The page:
Storytellers weave francophone tales for English audience
Nicole Fournier and Janet LeRoy want to introduce a largely anglophone audience to French-Canadian lore
Quebec may be just across the Ottawa River, but many anglophones living in the capital have a poor understanding of French Canada's rich history and culture.
That divide was the catalyst behind Nicole Fournier and Janet LeRoy's performances at the National Arts Centre Thursday, where the two storytellers — Fournier a francophone and LeRoy an anglophone born in Quebec City — spent an evening telling both new and traditional French stories, translated for an English audience.
"What's beautiful about it is they come from across the river, these stories. It's not like they're coming from cultures far, far distant," LeRoy told CBC Radio's All in a Day, noting that many English speakers in the audience would be hearing the stories for the first time.
LeRoy spins traditional myths of French Canada, stories she said connect her for her French ancestry. She told two stories, Loup Garou and The Legend of Marguerite de la Roque de Roberval Thursday.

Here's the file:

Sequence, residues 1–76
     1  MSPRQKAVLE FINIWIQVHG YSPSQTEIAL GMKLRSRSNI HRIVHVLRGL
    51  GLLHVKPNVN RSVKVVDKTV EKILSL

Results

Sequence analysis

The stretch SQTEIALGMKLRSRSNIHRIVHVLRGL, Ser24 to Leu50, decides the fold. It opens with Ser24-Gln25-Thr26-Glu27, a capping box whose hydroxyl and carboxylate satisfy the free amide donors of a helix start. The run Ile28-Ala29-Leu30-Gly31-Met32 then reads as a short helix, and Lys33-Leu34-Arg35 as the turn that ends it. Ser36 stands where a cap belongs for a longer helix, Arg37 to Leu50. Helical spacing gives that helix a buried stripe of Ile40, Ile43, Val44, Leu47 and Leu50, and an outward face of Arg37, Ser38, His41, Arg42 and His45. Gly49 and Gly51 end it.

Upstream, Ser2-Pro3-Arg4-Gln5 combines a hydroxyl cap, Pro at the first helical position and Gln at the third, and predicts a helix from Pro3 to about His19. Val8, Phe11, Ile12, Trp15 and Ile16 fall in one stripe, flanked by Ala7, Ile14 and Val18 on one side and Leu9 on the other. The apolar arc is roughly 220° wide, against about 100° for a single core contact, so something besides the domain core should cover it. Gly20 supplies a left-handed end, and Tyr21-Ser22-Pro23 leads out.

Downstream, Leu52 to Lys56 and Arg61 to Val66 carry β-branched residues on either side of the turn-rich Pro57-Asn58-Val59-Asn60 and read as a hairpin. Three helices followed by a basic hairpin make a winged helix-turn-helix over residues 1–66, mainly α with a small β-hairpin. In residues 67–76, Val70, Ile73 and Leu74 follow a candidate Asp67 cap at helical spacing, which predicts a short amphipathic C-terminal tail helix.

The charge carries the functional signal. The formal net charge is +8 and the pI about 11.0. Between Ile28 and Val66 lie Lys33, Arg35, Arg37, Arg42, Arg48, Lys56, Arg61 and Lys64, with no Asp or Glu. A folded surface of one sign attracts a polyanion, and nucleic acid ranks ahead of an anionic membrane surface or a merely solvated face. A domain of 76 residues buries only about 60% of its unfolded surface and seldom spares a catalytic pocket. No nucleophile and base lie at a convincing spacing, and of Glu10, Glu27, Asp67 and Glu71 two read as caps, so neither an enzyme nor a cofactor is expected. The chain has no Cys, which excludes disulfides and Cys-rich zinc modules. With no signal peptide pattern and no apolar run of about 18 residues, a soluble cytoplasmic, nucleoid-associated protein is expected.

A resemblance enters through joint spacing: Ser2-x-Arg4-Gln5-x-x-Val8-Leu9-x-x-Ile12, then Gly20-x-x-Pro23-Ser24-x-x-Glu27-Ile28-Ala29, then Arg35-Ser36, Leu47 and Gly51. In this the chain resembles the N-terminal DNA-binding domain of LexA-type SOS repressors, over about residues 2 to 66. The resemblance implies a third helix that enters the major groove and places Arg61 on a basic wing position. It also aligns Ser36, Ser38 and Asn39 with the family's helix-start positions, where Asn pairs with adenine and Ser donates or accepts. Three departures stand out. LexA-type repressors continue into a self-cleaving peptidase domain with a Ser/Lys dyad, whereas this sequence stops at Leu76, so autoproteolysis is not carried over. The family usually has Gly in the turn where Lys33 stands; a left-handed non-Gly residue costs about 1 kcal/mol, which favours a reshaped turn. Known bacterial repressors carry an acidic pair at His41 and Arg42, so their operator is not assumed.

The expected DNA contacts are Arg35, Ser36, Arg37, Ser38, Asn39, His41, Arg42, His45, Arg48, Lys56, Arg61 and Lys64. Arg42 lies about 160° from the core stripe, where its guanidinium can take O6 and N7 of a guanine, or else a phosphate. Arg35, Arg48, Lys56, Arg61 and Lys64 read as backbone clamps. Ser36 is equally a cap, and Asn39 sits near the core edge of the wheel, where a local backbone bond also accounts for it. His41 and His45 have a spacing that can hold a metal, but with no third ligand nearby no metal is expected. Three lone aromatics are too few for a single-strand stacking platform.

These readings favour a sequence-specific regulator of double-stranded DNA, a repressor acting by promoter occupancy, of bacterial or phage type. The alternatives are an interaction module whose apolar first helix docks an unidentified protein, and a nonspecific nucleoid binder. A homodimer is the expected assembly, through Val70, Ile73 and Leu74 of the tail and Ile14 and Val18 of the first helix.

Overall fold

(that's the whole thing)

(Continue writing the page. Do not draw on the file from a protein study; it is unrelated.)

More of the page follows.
"Each person in there will experience the story differently. It's unique to themselves," she said. "They're going to create pictures in their head from the words that I share."
Fournier, who uses the stage name Capitaine Bonnefemme, writes her own tales, many inspired by 11 years working on ice breakers as an engineer for the Canadian Coast Guard. Thursday was the first time she recited those stories, called Pi-Louis the Ice Surfer and The Legend of the Lost Flag, in English.
"It's a great privilege ... to share my culture," Fournier noted.
"It's always fantastic to carry the people with you, and bring them where you want to be and meet emotions and happy endings as well."